Some of the most simple and elegant siphonophores are in the genus Sphaeronectes. This group has no float and only one swimming bell. Video footage from MBARI’s robotic submersibles helped scientists describe three new species of Sphaeronectes. S. christiansonae was named after MBARI researcher Lynne Christianson and S. haddocki after MBARI scientist Steve Haddock. S. tiburonae was named after one of MBARI’s submersibles which collected many of the specimens for study.

Woolly siphonophore, Apolemia lanosa (2005) by MBARIMonterey Bay Aquarium Research Institute

Apolemia lanosa
Siebert, Pugh, Haddock, and Dunn, 2013

Members of the genus Apolemia are some of the longest animals on the planet. This makes it a challenge to collect more than fragments. A. lanosa was named for its shaggy appearance—the species name “lanosa” derives from Latin “lana” and means “woolly.”

Red-grooved siphonophore, Apolemia rubriversa (2003) by MBARIMonterey Bay Aquarium Research Institute

Apolemia rubriversa
Siebert, Pugh, Haddock, and Dunn, 2013

For decades, there was only one species name that was used for all Apolemia. The description of A. lanosa and A. rubriversa by MBARI researchers and our collaborators is a first step toward organizing the full diversity of this group of siphonophores.

Angler siphonophore, Erenna sirena by MBARIMonterey Bay Aquarium Research Institute

Erenna sirena
Pugh and Haddock, 2016

Siphonophores in the genus Erenna are fish predators. They are only found quite deep, where fish might be scarce. To improve their ability to attract prey, Erenna species use glowing bioluminescent lures, which they flick and wriggle to wriggle to entice fish. The lures are different between each species, and are the easiest way to distinguish them.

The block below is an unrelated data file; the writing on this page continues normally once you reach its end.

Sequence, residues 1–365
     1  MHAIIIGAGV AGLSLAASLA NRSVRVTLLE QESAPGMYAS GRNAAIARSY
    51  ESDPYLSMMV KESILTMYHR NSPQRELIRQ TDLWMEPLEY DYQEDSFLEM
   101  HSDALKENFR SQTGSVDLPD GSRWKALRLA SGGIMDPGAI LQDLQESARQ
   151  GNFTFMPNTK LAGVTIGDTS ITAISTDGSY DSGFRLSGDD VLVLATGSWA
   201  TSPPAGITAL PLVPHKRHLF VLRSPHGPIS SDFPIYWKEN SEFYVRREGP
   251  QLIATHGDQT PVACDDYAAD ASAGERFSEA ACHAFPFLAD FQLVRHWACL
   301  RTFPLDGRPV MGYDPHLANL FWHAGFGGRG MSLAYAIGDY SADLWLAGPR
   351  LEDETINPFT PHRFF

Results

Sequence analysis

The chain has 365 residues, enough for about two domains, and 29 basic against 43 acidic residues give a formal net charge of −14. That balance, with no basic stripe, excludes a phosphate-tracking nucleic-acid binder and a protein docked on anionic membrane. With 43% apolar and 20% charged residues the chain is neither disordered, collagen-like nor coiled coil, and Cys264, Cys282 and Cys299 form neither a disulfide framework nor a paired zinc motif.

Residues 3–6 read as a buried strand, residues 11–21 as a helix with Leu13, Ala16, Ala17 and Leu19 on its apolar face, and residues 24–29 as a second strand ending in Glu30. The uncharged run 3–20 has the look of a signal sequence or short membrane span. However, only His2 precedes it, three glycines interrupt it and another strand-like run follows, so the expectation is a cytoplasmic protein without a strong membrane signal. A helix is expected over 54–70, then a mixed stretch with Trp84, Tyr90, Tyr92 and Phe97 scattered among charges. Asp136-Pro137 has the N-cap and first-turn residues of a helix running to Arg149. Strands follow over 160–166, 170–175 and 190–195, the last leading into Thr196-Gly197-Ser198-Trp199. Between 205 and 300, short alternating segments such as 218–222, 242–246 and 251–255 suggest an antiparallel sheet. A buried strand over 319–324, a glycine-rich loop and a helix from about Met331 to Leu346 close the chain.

Shaggy siphonophore, Erenna insidiator (2015) by MBARIMonterey Bay Aquarium Research Institute

Erenna insidiator
Pugh and Haddock, 2016

Erenna insidiator is a rare find—MBARI has only spotted this species twice. We still don’t know a lot about its biology, but believe it ambushes its prey with elaborate lures like other siphonophores in the genus Erenna.

Siphonophore, Kephyes hiulcus by Steve HaddockMonterey Bay Aquarium Research Institute

Kephyes hiulcus
Grossmann and Lindsay, 2017

Sometimes, sorting out species names is more of a history project than a biology project. This species was first discussed in the literature in 1861, and given five different names over the years.

Siphonophore, Tottonphyes enigmatica (2010) by MBARIMonterey Bay Aquarium Research Institute

Tottonphyes enigmatica
Pugh, Dunn, and Haddock, 2018

When researchers first saw Tottonophyes, they weren’t quite sure which other siphonophores were its closest relatives. It had features that were between two of the known groups, inspiring the name T. enigmatica. The genus is a tribute to A.K. Totton, who described many species and helped synthesize knowledge about siphonophores. 

Siphonophore, Kephyes ovata (2005) by MBARIMonterey Bay Aquarium Research Institute

We’re always learning more about the deep sea

In 34 years of deep-sea exploration, we’ve still just barely scratched the surface in understanding life in the largest living space on Earth. Each dive into the inky depths reveals something new and unexpected. 

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The mission of MBARI is to advance marine science and technology to understand a changing ocean. To learn more, visit mbari.org and follow MBARI on Facebook, Instagram, LinkedIn, Tumblr, Twitter, and YouTube.